Fight or flight

By | 2011/10/03

Fight or flightIn the limbic system we have a basic survival mechanism, “fight or flight”, that triggers when we’re in situations where we feel threatened. It challenges us to do one of two survival actions: fight whatever is threatening us, or run from it.

One of the focuses of RU OK day was as a means of suicide prevention – that by asking someone if they’re OK, and then helping them, you might assist them down from whatever mental ledge they’re sitting on, or corner they feel they’ve been backed into.

Suicide to me has always been a complete anathema. I’m not judging someone who goes down that path, but it’s a path that I know with 100% certainty that I’d not, even for a moment, consider. Maybe it’s the simplicity of being an atheist … if I go down that path, that’s it. I’m not going to wake up somewhere else in a better afterlife. Once I’m gone, that’s it.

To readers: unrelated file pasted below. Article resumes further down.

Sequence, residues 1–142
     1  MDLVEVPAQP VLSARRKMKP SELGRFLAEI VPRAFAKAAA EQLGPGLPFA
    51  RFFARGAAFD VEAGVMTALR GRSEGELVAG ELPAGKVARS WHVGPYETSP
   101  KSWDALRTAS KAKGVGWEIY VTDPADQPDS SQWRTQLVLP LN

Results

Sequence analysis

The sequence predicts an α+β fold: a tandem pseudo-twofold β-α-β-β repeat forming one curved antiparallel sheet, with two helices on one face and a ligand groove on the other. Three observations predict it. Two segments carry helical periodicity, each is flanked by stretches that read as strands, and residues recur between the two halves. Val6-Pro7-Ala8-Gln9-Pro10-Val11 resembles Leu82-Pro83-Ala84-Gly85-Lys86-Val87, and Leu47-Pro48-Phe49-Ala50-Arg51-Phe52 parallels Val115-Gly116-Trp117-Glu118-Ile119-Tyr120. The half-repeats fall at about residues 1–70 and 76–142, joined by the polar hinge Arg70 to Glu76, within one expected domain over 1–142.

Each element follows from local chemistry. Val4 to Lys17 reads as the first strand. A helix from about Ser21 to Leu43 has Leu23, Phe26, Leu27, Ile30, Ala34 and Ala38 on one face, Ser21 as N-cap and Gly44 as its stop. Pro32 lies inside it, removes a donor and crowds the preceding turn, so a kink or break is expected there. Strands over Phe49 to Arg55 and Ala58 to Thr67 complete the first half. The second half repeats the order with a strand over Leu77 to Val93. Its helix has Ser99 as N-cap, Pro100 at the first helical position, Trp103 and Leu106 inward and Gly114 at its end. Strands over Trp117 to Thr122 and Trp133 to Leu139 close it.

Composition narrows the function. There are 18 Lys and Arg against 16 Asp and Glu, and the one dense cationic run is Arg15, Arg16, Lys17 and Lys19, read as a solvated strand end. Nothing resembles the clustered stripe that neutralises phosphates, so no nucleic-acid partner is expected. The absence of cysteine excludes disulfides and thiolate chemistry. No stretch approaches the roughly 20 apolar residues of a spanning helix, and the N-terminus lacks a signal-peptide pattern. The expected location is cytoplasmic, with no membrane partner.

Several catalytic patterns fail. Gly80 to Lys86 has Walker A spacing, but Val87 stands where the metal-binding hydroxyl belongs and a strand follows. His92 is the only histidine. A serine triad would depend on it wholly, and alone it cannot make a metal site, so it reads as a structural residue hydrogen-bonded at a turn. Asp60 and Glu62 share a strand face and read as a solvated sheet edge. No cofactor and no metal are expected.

What I do sometimes imagine – usually when I’m in a situation where I’m feeling particularly crowded or uncomfortable – is a strong fight or flight urge. At times I can imagine that moment where everyone’s back is briefly turned, or attention otherwise occupied, and I get up, walk out of a situation, and then just keep on walking, never looking back, never coming back.

I’d say I’m 99.99% certain that it’s not something I’d ever follow through with. Hell, the notion of 2-star hotels is enough to send shivers up my spine, so deliberately becoming homeless is not really on the cards. But that’s not to say there’s a momentary “what if” flash of processing that sometimes happens.

If you see me in a crowd looking particularly alone, or with a slightly stressed look on my face, there’s probably a good chance it’s playing on my mind.

 

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